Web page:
The Maryland Board of Public Works recently approved a long-term lease for Charles County to use the 185-acre park for recreational uses, said Tom Roland, chief of the county's parks and recreation division. The park is part of the 350-acre Wilson Farm, he said.
The park will harbor a single-lane boat ramp for small vessels, a boarding pier and historical interpretation signs about the "Ghost Fleet of Mallows Bay." The fleet contains about 130 wooden steamships that were built at the end of World War II, according to local historians. The birth of the diesel engine and the end of the war prompted the U.S. Navy to decommission the vessels.
The fleet was stripped of all of its metal for salvage and the wooden hulls were left in the Potomac River at Mallows Bay, Roland said. Over the years an entire ecosystem has developed on what is left of the ships, he said.
Canoe and kayak enthusiasts will be able to paddle out to the sunken fleet to view the ecosystem up close, Roland said.
"They look like little islands," he said. "They have their own ecosystem with trees and other vegetation growing on them. Flora and fauna have taken them over. It's going to be a very popular paddling destination. People will be able to get in amongst the hulls where large vessels can't go. It's kind of a sanctuary for kayakers and canoers."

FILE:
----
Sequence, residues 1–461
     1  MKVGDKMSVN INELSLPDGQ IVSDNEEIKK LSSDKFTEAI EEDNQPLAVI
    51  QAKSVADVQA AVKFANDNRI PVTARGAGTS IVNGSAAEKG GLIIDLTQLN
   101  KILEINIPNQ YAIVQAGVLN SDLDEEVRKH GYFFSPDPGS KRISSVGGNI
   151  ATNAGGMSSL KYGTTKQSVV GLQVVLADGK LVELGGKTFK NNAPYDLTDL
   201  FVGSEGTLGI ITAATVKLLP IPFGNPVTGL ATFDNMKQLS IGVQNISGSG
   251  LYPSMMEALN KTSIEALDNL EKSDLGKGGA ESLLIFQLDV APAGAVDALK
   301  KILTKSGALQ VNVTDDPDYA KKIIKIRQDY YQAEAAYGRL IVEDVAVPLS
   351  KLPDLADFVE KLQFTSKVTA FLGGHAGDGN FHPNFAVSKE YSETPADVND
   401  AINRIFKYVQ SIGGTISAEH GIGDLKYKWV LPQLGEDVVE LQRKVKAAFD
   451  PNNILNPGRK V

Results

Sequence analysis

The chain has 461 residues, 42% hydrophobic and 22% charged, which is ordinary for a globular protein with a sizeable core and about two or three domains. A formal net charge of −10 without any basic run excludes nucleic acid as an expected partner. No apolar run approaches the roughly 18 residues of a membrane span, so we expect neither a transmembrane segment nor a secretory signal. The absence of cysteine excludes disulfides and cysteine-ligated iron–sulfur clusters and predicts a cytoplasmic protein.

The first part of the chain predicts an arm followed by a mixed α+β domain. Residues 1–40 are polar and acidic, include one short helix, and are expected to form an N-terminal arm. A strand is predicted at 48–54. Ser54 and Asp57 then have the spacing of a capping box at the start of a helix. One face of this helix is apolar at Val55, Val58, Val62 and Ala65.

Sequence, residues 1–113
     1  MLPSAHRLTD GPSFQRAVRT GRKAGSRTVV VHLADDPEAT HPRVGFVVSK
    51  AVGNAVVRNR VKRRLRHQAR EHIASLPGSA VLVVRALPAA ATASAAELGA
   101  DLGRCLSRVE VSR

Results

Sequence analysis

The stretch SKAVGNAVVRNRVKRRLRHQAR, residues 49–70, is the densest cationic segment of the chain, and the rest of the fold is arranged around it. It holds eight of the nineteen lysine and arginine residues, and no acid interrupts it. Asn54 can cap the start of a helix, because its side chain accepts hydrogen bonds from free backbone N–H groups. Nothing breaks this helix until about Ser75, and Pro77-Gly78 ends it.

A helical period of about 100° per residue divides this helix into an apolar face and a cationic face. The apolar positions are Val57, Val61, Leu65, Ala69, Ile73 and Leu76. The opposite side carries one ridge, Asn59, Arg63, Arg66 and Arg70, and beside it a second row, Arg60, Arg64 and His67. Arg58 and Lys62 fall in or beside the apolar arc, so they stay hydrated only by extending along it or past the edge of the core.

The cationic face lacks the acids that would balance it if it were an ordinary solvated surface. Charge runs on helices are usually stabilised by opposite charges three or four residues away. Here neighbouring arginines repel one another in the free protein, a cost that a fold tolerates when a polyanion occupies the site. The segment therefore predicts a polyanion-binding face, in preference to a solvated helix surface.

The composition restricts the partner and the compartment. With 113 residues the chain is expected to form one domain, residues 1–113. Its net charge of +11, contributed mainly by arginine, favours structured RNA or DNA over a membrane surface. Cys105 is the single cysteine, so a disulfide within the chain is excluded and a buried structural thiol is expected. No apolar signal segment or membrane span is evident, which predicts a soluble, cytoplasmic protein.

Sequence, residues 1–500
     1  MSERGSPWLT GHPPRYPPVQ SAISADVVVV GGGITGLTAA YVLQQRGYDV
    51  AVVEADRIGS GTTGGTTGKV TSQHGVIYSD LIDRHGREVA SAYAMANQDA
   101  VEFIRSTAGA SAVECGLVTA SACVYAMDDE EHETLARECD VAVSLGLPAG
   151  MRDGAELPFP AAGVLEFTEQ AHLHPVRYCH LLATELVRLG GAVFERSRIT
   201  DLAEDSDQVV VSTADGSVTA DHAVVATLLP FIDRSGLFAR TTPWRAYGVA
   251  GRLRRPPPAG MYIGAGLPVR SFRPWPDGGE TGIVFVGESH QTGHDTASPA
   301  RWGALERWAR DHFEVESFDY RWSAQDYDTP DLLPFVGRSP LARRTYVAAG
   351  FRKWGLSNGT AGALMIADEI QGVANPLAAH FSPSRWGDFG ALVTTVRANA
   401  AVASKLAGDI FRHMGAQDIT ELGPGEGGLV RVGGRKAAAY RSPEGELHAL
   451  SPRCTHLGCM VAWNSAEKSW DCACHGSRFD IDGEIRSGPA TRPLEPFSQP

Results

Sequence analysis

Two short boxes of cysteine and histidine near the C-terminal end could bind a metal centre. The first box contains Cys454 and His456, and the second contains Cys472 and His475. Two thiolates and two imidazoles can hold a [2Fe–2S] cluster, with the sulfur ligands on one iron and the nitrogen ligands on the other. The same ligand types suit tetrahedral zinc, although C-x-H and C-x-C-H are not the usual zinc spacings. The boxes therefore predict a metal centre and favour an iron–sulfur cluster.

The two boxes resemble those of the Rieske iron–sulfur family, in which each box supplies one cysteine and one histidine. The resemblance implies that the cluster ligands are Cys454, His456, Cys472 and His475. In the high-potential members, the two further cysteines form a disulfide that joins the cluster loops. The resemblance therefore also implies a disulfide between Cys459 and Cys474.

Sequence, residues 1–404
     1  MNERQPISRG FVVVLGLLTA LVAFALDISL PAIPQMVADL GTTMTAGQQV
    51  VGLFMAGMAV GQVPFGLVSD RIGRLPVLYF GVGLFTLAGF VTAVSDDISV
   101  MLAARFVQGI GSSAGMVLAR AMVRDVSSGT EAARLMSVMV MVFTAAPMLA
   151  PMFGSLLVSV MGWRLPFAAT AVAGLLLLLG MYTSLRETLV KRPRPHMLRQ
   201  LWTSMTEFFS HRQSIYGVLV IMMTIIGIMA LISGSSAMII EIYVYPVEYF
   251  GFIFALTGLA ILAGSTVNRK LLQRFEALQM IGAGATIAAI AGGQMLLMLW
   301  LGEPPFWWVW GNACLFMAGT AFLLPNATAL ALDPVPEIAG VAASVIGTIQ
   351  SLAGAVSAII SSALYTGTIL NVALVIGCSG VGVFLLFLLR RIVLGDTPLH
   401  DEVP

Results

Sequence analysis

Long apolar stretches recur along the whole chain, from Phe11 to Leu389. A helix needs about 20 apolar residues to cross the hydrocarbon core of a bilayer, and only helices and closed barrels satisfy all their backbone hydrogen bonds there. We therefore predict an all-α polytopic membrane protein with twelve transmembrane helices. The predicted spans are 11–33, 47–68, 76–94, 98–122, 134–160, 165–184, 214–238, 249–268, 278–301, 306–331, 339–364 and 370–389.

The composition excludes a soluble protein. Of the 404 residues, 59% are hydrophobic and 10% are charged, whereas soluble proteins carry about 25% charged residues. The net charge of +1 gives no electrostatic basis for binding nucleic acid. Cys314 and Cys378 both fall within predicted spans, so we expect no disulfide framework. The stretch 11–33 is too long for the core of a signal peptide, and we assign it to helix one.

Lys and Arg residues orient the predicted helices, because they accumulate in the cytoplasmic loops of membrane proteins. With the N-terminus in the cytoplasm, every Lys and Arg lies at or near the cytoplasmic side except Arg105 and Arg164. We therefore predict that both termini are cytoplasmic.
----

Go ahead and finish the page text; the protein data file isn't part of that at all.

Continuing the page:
Roland said boating access at the park will be free like other ramps operated by the county.
That area of the river will be part of the Potomac River Paddle Trail, Roland said.
There is some work to be done to the park before it is opened to the public, which the county hopes will happen in the spring, Roland said.
The largest project will be to widen the road that leads to the park off of Route 224 to accommodate vehicles going in both directions, Roland said.
In 2003, the county removed a number of abandoned boats that were left at the site from an earlier boat rental enterprise that was operated by John Wilson who owned the property, Roland said.
The opening of the park has been awaited by the community for many years, Roland said, adding the project is going to be paid for with a $305,000 Maryland Department of Natural Resources Waterway Improvement Program grant.
Nanjemoy resident Marsha Back said she is glad the county is finally moving ahead with the project.
"The residents of Nanjemoy and Charles County will be delighted to hear that a new recreation area on the Potomac River will finally be opened after four years of waiting," she said, adding the county is also going to provide a fishing pier, picnic area and possibly primitive campsites in the park. "We hope it will be a year-round or three-season operation."
"Our plan is to have a very low-key, low-impact park with passive recreational activities and water access," Roland said. "The area is going to provide great access for small boats. It's also a wonderful place for birding. We hope to promote a birding venue there."